Winter Morning Walks, Ted Kooser, 2000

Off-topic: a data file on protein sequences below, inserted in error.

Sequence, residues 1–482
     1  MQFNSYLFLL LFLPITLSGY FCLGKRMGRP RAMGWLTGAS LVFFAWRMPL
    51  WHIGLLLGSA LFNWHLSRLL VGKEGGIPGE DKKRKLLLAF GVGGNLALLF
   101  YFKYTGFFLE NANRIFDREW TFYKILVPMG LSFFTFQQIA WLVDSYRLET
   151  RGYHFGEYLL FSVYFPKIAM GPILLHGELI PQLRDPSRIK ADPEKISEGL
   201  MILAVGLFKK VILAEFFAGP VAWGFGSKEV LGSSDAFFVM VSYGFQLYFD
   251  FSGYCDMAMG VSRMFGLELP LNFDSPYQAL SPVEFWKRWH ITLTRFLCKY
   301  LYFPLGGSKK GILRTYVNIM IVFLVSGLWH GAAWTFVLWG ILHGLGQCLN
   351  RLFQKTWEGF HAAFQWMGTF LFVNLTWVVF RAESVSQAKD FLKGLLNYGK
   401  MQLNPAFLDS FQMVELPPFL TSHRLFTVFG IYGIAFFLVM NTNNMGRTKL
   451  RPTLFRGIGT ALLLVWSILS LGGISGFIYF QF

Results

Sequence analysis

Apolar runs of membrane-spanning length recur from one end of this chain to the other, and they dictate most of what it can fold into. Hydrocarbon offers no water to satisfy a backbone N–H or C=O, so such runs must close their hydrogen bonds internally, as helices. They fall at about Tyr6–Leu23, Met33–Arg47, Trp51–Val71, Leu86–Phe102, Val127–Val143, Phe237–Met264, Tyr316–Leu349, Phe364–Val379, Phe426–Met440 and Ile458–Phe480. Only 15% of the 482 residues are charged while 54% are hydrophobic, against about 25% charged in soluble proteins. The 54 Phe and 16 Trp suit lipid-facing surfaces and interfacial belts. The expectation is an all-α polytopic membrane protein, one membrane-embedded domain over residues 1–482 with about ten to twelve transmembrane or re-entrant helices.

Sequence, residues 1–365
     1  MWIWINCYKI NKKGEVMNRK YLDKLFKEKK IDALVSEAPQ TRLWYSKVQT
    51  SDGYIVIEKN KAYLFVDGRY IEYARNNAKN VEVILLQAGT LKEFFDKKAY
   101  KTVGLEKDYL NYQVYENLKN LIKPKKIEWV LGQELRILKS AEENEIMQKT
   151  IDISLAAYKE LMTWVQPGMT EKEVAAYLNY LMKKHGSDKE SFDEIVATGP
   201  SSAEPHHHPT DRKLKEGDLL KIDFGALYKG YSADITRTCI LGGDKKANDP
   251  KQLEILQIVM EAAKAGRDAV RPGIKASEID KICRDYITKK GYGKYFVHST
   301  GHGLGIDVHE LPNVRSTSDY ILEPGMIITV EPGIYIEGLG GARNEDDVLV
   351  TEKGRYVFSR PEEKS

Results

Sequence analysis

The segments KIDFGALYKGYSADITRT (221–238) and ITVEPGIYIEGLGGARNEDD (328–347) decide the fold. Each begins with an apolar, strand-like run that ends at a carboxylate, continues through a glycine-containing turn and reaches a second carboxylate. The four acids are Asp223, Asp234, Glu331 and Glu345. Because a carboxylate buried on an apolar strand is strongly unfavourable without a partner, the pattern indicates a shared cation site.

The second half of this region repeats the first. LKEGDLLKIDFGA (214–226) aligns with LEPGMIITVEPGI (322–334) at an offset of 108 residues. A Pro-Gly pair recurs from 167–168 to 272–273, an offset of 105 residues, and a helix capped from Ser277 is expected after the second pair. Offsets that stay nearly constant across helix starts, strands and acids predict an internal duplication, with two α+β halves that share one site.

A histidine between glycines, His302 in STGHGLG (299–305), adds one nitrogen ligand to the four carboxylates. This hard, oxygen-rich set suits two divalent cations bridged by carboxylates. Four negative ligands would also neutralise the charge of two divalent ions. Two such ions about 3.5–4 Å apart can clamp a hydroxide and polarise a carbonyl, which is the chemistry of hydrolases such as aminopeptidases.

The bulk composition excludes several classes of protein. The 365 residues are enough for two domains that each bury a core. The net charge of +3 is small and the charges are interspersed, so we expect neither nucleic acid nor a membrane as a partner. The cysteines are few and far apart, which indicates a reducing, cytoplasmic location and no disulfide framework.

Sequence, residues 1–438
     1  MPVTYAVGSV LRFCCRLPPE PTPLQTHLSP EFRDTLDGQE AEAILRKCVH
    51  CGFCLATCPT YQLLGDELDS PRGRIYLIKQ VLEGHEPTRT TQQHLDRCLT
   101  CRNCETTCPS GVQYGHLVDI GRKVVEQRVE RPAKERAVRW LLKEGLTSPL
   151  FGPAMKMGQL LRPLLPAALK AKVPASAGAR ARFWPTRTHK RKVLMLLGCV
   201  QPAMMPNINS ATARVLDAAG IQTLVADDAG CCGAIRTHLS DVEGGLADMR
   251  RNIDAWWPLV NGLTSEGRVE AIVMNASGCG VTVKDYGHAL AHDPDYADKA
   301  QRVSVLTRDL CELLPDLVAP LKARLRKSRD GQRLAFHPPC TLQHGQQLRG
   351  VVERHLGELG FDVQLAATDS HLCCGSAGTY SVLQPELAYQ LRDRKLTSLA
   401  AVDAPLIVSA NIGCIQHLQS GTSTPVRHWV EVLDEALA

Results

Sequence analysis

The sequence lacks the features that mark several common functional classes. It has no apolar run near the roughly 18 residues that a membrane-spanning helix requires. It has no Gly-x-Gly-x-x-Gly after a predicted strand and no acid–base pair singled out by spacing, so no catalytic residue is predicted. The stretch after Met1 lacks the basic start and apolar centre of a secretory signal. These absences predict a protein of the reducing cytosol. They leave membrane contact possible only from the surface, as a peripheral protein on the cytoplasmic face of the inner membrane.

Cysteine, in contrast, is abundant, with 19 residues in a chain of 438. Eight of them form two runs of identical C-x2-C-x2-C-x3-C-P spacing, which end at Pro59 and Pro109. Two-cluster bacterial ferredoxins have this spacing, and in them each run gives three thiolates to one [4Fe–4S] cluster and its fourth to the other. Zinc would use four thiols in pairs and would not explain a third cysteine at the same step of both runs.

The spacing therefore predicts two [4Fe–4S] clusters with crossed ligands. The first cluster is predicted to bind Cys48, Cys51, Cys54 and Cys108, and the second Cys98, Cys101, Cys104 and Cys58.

Kooser is a poet of the Great Plains having been raised and lived his whole life in Nebraska.  He was the U.S. Poet Laureate from 2004-2006.  His poetry is deceptively simple and straightforward, subtly concealing superb metaphors and ‘oh yeah’ moments.  He wrote this book of 100 poems during his recovery from surgery, chemo, and radiation for cancer, a time when he was slowly emerging from depression and using morning walks at dawn to rekindle his poetry muse.  The poems are brief, haiku-like, and contain sharp-eyed and sympathetic observations of both the natural and his internal landscape.  One of them, titled simply March 10:  Quiet and Cold at 6AM reads as follows:  “At dawn, in the roadside churchyard,/the recent, polished headstones glance and flash/as if the newly dead were waving pink placards/protesting the loss of their influence./But the soft old marbles, grainy from weather/and losing their names, have a steady glow,/like paper bags with candles lit inside,/lining a path, an invitation.”   I loved this book and what sealed the deal for me was that each of the 100 days, after writing the poem, Kooser would tape it to a postcard and send it to his dear friend, Jim Harrison.  Harrison is on my list of favorite writers, author of Legends of the Fall, numerous novellas and novels, poetry, and two entertaining and insightful memoirs.  Ironically, the cancer treated Kooser continues to live on, write and publish poetry while Harrison died in 2016.  Life!

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